Whenever Gabriel the great magician commands “Presto Magico,” a small disaster occurs.
His magic wand is his tool of choice to empty a glass and make his sister disappear. But to achieve these ends, he knocks over the glass and pokes his sister. Mom gives him a time out and sets him to thinking about using his magic to do mitzvot, or good deeds. He decides that his magic needs some "Jewish words," so he comes up with “One-wish! Two-wish! Jew-wish!” as his new mantra. He carefully cleans the mess in the kitchen, puts his toys away and sets the table for snack time. With waves of his wand and his new magic words, he astonishes his mother with the amazing transformation and a new purpose for his magic. Marshall evokes gentle humor in this tale of a very believable little boy whose infatuation with a new toy leads to overzealous enthusiasm followed by remorse and creative atonement. The introduction of key Yiddish words (in both singular and plural) is accomplished seamlessly and serves to stress the universality of this family’s experiences rather than emphasizing any cultural differences. (Though it's too bad the text does not correctly cite the language as Yiddish, instead of "Jewish.") Engel’s brightly hued, delightfully detailed illustrations ably capture the action while maintaining a slightly skewed playfulness that is enhanced by the casual typeface, coloring and spacing of the text.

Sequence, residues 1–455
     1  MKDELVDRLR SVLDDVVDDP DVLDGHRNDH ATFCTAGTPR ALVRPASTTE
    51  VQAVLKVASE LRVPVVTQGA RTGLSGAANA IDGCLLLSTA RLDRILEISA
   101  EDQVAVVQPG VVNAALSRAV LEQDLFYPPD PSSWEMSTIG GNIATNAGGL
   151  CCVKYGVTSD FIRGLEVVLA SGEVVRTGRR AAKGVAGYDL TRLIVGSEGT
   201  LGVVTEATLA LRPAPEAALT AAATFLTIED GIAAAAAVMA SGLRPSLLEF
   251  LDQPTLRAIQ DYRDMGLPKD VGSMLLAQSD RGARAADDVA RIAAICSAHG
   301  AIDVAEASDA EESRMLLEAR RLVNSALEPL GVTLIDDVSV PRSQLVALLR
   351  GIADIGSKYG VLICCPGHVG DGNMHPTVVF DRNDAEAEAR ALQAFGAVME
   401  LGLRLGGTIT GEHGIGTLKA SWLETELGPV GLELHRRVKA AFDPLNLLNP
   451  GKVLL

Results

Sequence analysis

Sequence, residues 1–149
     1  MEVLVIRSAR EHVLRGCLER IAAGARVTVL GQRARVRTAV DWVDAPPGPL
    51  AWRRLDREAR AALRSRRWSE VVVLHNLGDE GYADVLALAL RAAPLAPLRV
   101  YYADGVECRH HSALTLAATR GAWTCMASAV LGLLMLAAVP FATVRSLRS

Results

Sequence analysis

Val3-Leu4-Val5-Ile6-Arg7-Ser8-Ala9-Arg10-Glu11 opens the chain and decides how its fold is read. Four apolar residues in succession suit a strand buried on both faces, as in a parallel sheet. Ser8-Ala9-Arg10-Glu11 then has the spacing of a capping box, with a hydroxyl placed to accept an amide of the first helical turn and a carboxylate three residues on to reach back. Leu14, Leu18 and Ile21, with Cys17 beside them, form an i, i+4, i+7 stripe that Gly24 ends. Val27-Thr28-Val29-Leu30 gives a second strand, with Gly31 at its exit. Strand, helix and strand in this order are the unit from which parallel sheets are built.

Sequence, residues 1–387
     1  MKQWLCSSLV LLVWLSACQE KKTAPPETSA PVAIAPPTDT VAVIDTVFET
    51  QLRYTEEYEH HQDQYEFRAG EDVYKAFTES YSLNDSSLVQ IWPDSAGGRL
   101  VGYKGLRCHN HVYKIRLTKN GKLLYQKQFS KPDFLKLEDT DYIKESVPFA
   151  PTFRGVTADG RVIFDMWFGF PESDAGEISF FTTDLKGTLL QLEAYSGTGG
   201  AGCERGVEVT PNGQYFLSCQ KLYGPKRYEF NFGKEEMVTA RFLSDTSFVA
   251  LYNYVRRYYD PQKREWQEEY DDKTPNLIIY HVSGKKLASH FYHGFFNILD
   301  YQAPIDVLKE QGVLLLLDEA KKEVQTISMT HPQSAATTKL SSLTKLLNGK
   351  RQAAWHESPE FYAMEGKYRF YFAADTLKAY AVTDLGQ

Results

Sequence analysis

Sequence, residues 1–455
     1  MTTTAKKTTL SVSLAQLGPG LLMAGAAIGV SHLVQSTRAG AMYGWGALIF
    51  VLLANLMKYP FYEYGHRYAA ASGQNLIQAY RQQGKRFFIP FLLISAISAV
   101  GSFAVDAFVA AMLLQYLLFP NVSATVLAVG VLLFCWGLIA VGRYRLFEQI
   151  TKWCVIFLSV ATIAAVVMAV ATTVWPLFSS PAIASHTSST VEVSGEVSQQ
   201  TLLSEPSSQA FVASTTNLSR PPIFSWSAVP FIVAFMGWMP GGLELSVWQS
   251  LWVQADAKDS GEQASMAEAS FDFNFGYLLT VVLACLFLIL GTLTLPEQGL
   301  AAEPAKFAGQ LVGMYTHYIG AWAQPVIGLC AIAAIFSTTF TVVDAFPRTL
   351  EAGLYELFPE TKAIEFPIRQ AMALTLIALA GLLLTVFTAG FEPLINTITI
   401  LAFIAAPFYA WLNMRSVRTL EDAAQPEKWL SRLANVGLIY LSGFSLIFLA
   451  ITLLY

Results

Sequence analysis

Abracadabra! Lovely magic indeed. (Picture book. 3-8)